Gonzales, who served as Counsel to the President, was part of a powerful team of lawyers.  Legal eagles for the Administration helped to redefine Executive Privilege.  White House Attorneys expanded Presidential powers.  Thus, cruel and unusual punishment for enemies of the State was made possible.  It is for this reason, today, Senators seek to understand Mukasey.  Those in Congress hope to avoid another debate over the legality, Constitutionality, of inhumane treatment inflicted on those suspected of being terrorist.  A bit of ancient history might help to explain the caution we witnessed this week.

The vice president’s lawyer advocated what was considered the memo’s most radical claim: that the president may authorize any interrogation method, even if it crosses the line into torture.  U.S. and treaty laws forbidding any person to “commit torture,” that passage stated, “do not apply” to the commander in chief, because Congress “may no more regulate the President’s ability to detain and interrogate enemy combatants than it may regulate his ability to direct troop movements on the battlefield.”

That same day, Aug. 1, 2002, Yoo [John Choon Yoo, best known for his work from 2001 to 2003 in the United States Justice Department Office of Legal Counsel] signed off on a second secret opinion, the contents of which have never been made public.  According to a source with direct knowledge, that opinion approved as lawful a long list of interrogation techniques proposed by the CIA — including waterboarding, a form of near-drowning that the U.S. government has prosecuted as a war crime since at least 1901.  The opinion drew the line against one request: threatening to bury a prisoner alive.

With the policy in place, Secretary of Defense Rumsfeld did as he thought best.  He sanctioned cruelty against combatants.  Extracting information by any means, no matter how extreme seemed reasonable to those bent on battle.  Donald Rumsfeld, blessed by Bush and Cheney and their interpretation of the constitution enforced, endorsed, the use of methods such as waterboarding.  Then, he, and the White House claimed, “We do not torture.” 

Concurrently, the man that now seeks to head the Justice Department, Michael B. Mukasey mulled over Presidential powers.  Mukasey questioned the punitive measures the Bush Administration adopted.  Then, Judge Mukasey, a Reagan appointee served as the Chief Judge for the Southern District of New York.  He presided over the José Padilla case.  Padilla was a prisoner held in Guantánamo Bay detainee camp in Cuba.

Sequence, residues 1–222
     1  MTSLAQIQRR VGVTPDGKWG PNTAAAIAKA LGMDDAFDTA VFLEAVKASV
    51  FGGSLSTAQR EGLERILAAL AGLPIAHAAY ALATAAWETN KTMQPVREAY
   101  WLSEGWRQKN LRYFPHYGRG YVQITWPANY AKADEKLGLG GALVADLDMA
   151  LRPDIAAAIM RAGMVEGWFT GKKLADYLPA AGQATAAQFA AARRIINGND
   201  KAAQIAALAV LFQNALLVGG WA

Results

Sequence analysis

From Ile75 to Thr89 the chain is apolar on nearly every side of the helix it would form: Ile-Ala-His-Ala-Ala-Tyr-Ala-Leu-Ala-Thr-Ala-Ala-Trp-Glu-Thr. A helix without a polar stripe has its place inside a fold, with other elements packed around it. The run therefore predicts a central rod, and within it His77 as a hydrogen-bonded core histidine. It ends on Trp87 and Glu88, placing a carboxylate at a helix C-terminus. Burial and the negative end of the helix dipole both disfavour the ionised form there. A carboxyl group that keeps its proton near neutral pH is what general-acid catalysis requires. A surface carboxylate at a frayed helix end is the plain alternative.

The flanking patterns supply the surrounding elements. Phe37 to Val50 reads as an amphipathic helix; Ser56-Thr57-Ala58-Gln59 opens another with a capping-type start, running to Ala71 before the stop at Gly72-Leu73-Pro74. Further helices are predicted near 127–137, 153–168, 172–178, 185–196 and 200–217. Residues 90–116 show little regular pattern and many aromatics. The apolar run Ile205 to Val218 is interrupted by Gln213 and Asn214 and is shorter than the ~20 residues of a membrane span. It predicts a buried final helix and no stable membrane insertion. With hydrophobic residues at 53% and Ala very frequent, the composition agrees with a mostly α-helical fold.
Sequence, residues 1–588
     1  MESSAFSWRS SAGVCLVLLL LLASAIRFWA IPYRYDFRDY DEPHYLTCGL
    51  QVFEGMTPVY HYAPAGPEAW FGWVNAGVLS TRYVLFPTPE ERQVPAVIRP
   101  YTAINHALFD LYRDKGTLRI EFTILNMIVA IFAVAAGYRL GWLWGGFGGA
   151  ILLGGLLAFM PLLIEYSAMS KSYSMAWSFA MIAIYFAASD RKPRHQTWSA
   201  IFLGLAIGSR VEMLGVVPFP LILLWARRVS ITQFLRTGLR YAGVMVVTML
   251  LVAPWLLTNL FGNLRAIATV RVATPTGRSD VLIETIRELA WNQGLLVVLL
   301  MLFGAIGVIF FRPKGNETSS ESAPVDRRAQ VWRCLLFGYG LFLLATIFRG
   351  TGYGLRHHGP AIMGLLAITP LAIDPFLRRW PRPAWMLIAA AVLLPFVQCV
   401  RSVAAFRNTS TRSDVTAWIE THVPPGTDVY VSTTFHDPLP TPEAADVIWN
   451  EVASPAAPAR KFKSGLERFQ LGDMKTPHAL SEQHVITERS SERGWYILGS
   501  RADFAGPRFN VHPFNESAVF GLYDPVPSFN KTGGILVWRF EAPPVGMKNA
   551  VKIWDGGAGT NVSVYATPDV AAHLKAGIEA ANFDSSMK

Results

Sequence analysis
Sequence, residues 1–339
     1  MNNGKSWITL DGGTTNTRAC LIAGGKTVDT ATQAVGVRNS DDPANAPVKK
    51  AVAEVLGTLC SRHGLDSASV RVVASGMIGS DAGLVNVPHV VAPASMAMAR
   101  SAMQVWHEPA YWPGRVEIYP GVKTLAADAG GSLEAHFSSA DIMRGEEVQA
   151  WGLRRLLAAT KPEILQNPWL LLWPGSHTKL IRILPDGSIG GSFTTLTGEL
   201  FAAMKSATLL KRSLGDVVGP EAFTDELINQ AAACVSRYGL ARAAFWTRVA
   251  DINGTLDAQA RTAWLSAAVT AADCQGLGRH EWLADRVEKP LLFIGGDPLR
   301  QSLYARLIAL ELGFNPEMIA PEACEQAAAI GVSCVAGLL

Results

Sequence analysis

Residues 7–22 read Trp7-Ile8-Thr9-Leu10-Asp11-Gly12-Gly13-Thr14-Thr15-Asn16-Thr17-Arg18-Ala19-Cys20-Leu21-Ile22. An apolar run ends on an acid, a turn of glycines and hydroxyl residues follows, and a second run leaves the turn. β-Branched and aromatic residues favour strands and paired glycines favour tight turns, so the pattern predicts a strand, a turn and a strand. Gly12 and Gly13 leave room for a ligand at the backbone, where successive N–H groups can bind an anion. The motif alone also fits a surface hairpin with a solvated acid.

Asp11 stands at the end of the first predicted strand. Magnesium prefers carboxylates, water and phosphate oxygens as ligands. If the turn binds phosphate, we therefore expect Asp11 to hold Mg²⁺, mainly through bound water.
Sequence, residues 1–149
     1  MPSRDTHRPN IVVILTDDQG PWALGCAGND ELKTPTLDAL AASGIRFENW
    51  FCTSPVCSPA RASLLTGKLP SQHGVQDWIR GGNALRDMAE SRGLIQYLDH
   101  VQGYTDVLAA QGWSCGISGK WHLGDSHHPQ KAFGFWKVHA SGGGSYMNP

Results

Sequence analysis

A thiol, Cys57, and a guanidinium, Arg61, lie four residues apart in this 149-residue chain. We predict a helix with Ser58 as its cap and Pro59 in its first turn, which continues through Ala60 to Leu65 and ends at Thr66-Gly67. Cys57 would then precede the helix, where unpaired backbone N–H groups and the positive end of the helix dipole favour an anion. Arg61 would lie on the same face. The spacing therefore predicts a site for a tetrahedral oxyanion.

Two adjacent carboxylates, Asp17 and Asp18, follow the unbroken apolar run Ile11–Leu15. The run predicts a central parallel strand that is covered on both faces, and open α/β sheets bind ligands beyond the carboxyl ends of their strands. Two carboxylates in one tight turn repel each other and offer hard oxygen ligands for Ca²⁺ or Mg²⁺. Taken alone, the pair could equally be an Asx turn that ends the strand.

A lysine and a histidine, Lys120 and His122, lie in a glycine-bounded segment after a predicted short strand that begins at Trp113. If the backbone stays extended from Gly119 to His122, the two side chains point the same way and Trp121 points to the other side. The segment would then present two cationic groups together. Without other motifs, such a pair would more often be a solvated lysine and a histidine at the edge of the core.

After Padilla was first detained in April 2002 and declared an “enemy combatant,” he was held incommunicado, denied all access to the outside the world, including counsel, and the Bush administration refused to charge him with any crimes. A lawsuit was filed on Padilla’s behalf by a New York criminal defense lawyer, Donna Newman, demanding that Padilla be accorded the right to petition for habeas corpus and that, first, he be allowed access to a lawyer. That lawsuit was assigned to Judge Mukasey, which almost certainly made the Bush DOJ happy.

But any such happiness proved to be unwarranted. Judge Mukasey repeatedly defied the demands of the Bush administration, ruled against them, excoriated them on multiple occasions for failing to comply with his legally issued orders, and ruled that Padilla was entitled to contest the factual claims of the government and to have access to lawyers. He issued these rulings in 2002 and 2003, when virtually nobody was defying the Bush administration on anything, let alone on assertions of executive power to combat the Terrorists. And he made these rulings in the face of what was became the standard Bush claim that unless there was complete acquiescence to all claimed powers by the President, a Terrorist attack would occur and the blood would be on the hands of those who impeded the President.

Now, as we bathe in blood abroad, and fear the carnage will follow us home, we realize that Michael B. Mukasey was not as he initially appeared.  When pressed, nominee Mukasey does not condemn the Administration.  He does not argue with the White House on all counts, and perhaps, forcing those presumed to be enemies is apt.  Indeed, fair hearing for foes of the State are not necessary, or so says Judge  Michael B. Mukasey.

[Mukasey] He argued that the prosecution of Jose Padilla -which Mukasey handled until his retirement from the bench last year-demonstrates that federal courts should not try terrorists. Never mind that after the government jerked Padilla in and out of the federal system and reportedly subjected him to serious abuse, he was convicted by a jury on charges that bore little relation to the allegations that former Attorney General John Ashcroft originally-and so publicly-made against him.

According to Mukasey, Padilla’s case does not stand for the victory of security concerns over civil liberties in federal court, but rather shows why “current institutions and statutes are not well suited” to terrorism cases. The rules for ordinary criminal defendants-that is, regular old constitutional law-should not apply to bad guys “who have cosmic goals that they are intent on achieving by cataclysmic means.”

Mukasey derides terrorism prosecutions in federal court for putting “our secrets at risk” and discouraging our allies from sharing information with us. He warns of dire results if the Supreme Court rules this upcoming term that Guantanamo detainees have a right to bring their claims in federal court. An alleged terrorist could insist to his interrogators that he wanted to see a lawyer, as Khalid Sheikh Mohammed supposedly did, and “this bold joke could become a reality.”